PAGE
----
Capital Alternatives Limited was part of a network of scam companies that offered “investments” to the general public including a rice farm in Sierra Leone, and carbon credits from projects in Sierra Leone, Brazil, and Australia. Last week, the High Court in London found that these “investments” were illegal collective investment schemes.
In October 2014, REDD-Monitor wrote about Sterling and Bond, Voiptel International, and Velvet Assets. The companies were part of the Capital Alternatives network. The post received more than one hundred comments, some of which named the individuals involved in these and other related companies.
The Court of Appeal has upheld a February 2014 High Court ruling in which the Financial Conduct Authority won their case against Capital Alternatives and other firms. The FCA accused the firms of “promoting and/or operating collective investment schemes (CISs) in the UK illegally and without our authorisation”.
“It was the generally accepted way for brokerage firms under regulatory heat to stay one step ahead — essentially, closing down and reopening under a different name, thereby starting the process of making money and fighting the regulators all over again. It was like stepping on a cockroach and squashing it, only to find ten new ones scurrying in all directions.”
The UK Financial Conduct Authority has taken Capital Alternatives and several other firms to the High Court, accusing them of “promoting and/or operating collective investment schemes (CISs) in the UK illegally and without our authorisation”.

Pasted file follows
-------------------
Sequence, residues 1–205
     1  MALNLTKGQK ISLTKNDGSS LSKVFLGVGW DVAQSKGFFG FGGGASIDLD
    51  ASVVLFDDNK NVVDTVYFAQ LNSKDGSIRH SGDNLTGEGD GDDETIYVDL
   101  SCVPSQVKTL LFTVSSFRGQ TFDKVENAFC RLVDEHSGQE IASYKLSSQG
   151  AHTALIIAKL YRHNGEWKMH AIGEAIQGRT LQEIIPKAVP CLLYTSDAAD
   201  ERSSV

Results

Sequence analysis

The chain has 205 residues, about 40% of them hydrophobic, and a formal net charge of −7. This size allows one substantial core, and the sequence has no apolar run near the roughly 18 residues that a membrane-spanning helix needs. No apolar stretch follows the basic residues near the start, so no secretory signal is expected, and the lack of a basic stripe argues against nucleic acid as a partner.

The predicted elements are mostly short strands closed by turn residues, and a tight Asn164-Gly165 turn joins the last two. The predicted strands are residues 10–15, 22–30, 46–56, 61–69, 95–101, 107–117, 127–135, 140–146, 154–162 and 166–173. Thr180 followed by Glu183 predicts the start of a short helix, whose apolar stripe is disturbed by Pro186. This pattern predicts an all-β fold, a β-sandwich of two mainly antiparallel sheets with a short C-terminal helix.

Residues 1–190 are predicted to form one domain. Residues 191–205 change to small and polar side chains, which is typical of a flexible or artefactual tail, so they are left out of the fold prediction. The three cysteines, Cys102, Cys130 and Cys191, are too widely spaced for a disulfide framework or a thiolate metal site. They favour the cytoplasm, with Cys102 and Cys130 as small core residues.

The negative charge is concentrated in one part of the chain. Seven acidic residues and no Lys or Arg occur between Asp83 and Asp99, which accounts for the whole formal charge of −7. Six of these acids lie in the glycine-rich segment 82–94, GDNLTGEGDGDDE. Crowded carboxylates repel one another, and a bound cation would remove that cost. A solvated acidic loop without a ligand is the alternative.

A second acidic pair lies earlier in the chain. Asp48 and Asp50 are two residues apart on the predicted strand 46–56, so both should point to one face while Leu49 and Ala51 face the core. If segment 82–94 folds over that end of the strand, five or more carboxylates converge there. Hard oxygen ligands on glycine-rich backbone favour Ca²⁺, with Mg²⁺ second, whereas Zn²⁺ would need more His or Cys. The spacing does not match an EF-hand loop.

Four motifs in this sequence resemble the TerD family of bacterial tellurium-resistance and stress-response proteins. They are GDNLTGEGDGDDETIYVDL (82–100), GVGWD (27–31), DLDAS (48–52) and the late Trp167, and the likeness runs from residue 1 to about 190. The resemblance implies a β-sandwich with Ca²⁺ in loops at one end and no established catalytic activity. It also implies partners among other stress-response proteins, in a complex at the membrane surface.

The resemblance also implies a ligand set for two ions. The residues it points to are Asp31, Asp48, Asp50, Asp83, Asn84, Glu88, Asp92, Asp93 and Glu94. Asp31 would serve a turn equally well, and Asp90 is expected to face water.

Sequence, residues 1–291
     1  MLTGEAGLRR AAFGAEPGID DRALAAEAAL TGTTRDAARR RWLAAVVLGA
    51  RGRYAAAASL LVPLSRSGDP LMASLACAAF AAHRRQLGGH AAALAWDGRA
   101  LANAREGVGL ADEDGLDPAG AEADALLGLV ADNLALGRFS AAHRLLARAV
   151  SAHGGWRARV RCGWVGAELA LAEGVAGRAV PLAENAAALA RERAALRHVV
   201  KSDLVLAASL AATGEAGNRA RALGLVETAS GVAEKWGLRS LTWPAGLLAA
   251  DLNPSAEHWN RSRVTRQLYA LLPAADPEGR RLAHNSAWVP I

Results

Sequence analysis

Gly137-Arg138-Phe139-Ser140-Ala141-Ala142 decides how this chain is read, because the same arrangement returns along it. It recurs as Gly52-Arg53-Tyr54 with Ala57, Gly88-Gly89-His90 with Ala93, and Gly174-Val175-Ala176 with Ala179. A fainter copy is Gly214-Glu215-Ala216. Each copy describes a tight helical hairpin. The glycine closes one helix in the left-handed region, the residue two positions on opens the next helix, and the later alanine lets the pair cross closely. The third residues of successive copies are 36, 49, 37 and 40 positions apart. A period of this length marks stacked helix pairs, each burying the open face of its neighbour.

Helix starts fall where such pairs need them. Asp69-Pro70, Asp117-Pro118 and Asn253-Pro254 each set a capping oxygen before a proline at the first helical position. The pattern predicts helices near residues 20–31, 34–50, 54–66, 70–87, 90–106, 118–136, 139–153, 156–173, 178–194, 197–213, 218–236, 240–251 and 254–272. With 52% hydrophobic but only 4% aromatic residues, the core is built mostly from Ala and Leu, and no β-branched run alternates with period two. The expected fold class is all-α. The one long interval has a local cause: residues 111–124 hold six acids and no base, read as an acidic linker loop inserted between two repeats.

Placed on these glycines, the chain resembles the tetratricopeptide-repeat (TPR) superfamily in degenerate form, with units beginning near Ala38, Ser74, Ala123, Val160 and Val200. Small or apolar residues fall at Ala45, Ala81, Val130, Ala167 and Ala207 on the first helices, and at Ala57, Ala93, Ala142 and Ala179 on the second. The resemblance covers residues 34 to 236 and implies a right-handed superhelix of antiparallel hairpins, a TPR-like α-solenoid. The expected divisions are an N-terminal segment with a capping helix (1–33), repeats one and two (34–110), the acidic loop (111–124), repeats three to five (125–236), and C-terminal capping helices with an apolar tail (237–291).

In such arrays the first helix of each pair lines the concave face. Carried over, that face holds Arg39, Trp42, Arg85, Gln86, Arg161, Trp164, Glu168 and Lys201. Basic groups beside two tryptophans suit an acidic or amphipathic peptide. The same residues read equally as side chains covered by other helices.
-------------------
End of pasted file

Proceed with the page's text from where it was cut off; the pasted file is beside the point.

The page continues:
Last year (as usual) most of the top ten stories on REDD-Monitor were about scams and frauds. A post about Renwick Haddow’s return after the Capital Alternatives scam took top place (and is the second most visited post on REDD-Monitor, after a 2013 post about how much a carbon credit costs.) Haddow featured in three of the top ten posts in 2017.
On 30 June 2017, the Securities and Exchange Commission filed a legal complaint against Renwick Haddow. The SEC alleges that Haddow fraudulently raised almost US$38 million from investors. The SEC has obtained an emergency asset freeze against Haddow and his companies named in the complaint.
Since January 2017, REDD-Monitor has written a series of posts about Renwick Haddow’s latest investment scheme, Bar Works, a New York-based co-working startup company. Last week, Law360 reported that Bar Works “is now the subject of at least two lawsuits from investors who call it a multimillion-dollar Ponzi scheme”.
On 11 May 2017, four men were sentenced in Blackfriars Crown Court in London to jail for selling precious metals as investments. The metals were almost worthless. The conmen duped retail investors out of £7.75 million.
Bar Works is a company that buys retail spaces, converts them and rents them out as co-working offices. Renwick Haddow, the man behind the Capital Alternatives network of scam companies is a “key figure” behind Bar Works, according to an article on The Real Deal website. Bar Works, meanwhile, claims that Haddow is just a consultant to the company.